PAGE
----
Apple Valley’s surging football program is no stranger to adversity. So if any team in the upper ranks of the Southern Section is wired to defy substantial odds this postseason, it should come as no surprise that the Sun Devils have proven to be that team. They’ve turned heads the past two weeks by knocking off Citrus Valley and Glendora to reach the Division 3 semifinals as major underdogs.
Before a world of adversity struck, they weren’t going to be any kind of underdog in Division 3 this postseason. (They also may have ended up in Division 2 instead.)
After highly competitive season-opening losses against Mission Viejo and Rancho Cucamonga this season, the Sun Devils proved to be the powerhouse they were hyped up to be from the third game of the season on. Their marquee win came on Sep. 3, 27-14 against eventual Southwestern League champion and Division 2 team, Murrieta Valley. Then they won their Bell Game against rival Victor Valley 59-0. Apple Valley would go on to win its next four games against non-league foe Silverado and league opponents Serrano, Sultana, and Hesperia by a combined score of 204-13.
Then, a lot changed during the week of Tuesday, Oct. 19. Lawrence Andrews III, a 14-year-old Apple Valley freshman who played on the junior varsity team, was killed in a hit-and-run, and six days would go by before the suspected driver was arrested and charged. Apple Valley received an outpouring of support from across SoCal, including many other football programs on social media throughout the High Desert and Inland Empire.
The Sun Devils’ winning streak was snapped that Friday, Oct. 22, in a major upset at the hands of Oak Hills. The Bulldogs, one of their biggest rivals, were widely expected to be one of the better teams in recent High Desert history coming into the season, and would live up to the billing. Apple Valley led 14-0 after the first quarter, but Oak Hills fought back to cut the deficit to 14-7 by halftime, and then seven Sun Devils suffered injuries in the third quarter, almost all on offense. By the end of it, Apple Valley was missing 13 starters. And Oak Hills, which had already started a strong comeback bid, went on to win 21-14.
“I’ve never seen anything like it in 20 years coaching,” said offensive coordinator Robert Meras on the slew of injuries.
One thing Apple Valley has had to deal with in the recent past, however, is the tragic death of an underclassman who was popular within the football program. Sophomore Oscar Fuentes died in an accident in April of 2015, which happened to be just a couple months after Matt Rohrbaugh took over as head coach. Under Rohrbaugh, who stepped away from the team for personal reasons during the summer of 2020, and Meras, Apple Valley began a long, steady rise to prominence. In the ensuing years, the substantial cultural shift in the program was largely attributed to the memory of Fuentes, and how the program and community rallied together in his memory. As a result, a tradition of leadership and unity has been passed down for a whole era of Sun Devils football.
“Next man up” mentality is something the Sun Devils not only talked about, but exemplified in the spring season, which was the program’s official coming-out party. In their short but monumentally successful season, they overcame the losses of four key seniors opting out, including Sacramento State commit WR Tyron Smith. Additionally, Meras applied the motto to Godfrey’s smooth transition as their new head coach when he took over for Rohrbaugh.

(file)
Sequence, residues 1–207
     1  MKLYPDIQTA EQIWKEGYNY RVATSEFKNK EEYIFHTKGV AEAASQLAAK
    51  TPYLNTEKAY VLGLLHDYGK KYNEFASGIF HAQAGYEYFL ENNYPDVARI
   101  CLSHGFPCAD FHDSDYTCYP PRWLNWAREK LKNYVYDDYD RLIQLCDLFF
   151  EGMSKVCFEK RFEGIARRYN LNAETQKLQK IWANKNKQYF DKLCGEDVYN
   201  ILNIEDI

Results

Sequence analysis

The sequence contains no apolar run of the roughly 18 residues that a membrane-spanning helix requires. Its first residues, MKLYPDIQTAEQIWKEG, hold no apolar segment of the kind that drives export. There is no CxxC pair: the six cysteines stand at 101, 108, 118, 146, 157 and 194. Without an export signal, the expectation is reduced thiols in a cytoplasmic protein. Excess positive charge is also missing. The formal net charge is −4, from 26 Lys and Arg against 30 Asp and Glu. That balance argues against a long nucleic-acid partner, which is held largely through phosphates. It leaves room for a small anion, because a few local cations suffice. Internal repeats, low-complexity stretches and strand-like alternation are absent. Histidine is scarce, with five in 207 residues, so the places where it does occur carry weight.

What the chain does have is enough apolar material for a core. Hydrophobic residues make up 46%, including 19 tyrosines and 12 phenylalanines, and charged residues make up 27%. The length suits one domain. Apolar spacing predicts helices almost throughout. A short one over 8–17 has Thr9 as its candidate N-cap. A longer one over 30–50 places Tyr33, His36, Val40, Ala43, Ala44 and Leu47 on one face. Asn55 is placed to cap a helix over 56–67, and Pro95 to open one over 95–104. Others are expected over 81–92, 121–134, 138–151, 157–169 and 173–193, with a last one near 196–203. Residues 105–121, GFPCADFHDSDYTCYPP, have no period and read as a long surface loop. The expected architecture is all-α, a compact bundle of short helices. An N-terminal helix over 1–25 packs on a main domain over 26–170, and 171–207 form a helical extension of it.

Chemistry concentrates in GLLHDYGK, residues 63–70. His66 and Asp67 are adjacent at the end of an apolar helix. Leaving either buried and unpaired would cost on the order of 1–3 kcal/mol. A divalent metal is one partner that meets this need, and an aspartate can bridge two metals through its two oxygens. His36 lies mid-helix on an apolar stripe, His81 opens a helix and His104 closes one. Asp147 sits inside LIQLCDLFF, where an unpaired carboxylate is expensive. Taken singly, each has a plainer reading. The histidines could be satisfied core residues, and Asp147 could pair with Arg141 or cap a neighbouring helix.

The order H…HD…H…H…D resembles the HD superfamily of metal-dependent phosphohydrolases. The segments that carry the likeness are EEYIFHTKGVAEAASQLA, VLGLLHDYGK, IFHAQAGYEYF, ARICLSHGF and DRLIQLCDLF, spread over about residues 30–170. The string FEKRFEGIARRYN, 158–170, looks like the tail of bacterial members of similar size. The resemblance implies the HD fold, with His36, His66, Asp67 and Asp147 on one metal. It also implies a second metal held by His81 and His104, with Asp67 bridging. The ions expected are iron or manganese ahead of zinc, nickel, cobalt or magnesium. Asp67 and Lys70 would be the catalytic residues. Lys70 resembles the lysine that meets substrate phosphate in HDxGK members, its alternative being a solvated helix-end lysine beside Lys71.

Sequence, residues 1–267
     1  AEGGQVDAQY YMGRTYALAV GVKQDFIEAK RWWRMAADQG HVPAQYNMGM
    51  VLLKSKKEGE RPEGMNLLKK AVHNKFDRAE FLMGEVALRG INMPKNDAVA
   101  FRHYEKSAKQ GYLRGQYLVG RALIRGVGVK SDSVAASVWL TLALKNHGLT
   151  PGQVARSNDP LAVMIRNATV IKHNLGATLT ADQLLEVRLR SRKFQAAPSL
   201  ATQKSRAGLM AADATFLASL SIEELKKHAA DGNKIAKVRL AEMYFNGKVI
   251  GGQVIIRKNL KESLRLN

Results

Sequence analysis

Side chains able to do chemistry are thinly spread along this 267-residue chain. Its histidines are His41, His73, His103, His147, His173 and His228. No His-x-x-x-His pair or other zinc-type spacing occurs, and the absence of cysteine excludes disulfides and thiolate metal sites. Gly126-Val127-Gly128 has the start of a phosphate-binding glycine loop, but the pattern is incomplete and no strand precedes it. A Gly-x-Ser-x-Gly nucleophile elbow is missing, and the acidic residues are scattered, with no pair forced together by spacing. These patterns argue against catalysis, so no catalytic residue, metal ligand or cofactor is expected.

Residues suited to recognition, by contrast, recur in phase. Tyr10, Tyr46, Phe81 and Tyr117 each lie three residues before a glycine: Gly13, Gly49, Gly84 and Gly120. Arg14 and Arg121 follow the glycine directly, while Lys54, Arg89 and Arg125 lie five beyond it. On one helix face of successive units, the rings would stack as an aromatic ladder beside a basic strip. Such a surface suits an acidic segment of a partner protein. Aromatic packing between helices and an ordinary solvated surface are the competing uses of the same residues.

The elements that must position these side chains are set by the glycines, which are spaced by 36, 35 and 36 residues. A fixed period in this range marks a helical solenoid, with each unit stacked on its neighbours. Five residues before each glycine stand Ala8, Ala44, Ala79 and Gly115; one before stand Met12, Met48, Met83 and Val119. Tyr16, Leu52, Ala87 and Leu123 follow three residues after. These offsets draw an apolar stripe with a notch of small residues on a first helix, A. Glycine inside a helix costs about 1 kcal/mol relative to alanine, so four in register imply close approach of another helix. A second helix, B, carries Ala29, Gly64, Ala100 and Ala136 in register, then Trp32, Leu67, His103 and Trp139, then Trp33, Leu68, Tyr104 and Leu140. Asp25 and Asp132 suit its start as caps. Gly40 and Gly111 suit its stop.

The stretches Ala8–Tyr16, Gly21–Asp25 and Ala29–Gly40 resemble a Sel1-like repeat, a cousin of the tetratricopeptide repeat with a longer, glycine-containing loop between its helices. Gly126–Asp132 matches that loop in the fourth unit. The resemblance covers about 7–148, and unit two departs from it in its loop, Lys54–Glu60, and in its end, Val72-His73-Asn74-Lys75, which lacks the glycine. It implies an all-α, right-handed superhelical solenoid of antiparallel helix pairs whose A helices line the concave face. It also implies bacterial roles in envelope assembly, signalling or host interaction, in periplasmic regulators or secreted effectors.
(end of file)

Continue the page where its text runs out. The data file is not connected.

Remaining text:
“The coaches here have always preached ‘next man up,’” said Meras in May. “If you preach it, stand by it, and stick to your guns without flinching, the kids will believe in it.”
Meras even found himself as the next man up against Glendora when Godfrey had to sit out due to contact tracing.
Now, the injury-plagued Sun Devils are in new territory – the CIFSS Division 3 semifinals. As the very bottom seed in the division, they won 21-16 against top-seeded Citrus Valley – which beat Oak Hills in the regular season – even though the roster was still substantially depleted from the Oak Hills game. And on Saturday, they defeated another D3 favorite, Glendora, 17-15, with 4-star Michigan commit QB Jayden Denegal and RB1 Kaleb Most still both out, and many active players dealing with more than just late-season wear-and-tear.
Denegal and Most are still week-to-week, and are continually more likely to return as the underdog Sun Devils keeping buying the two seniors time.
“These kids… are resilient as hell,” said head coach Kyle Godfrey.
“[Dustin] Reynolds, Samajay [Andrews], and [Noah] Celie come to mind on offense. The O-line is playing very well and loves getting grimy in the trenches. The entire defensive play has been on point these last two games. They’re flying around making plays. Getting stops in key moments, creating turnovers and playing with desire.”
Celie, a sophomore, has been in under center for Denegal. Reynolds is a star at LB, but is in a new role being depended upon at RB, and he rushed for both of Apple Valley’s touchdowns against Glendora. Andrews, a rotation member at DB, has also seen a big role at RB, and he rushed for a touchdown against Citrus Valley.
The Sun Devils’ vaunted defense features multiple national recruits in DB Isaiah Ojeda and LB Gavin Hambrick, and is furthermore deep with impact contributors. That includes multiple other serious D-1 prospects such as Reynolds, the reigning league DPOY, and DE Keenan Eck, who had a strip-sack and two more sacks against Glendora. That group, with defensive coordinator Nick Downing, has been one of the section’s better defenses all season, and is carrying a heavy load in this playoff run.
Keeping this campaign alive won’t get any easier as the weeks come for the Sun Devils, who face Roosevelt (Eastvale) this week. But don’t be surprised to see them continue overcoming adversity in what’s already been, by far and away, the most successful calendar year in program history.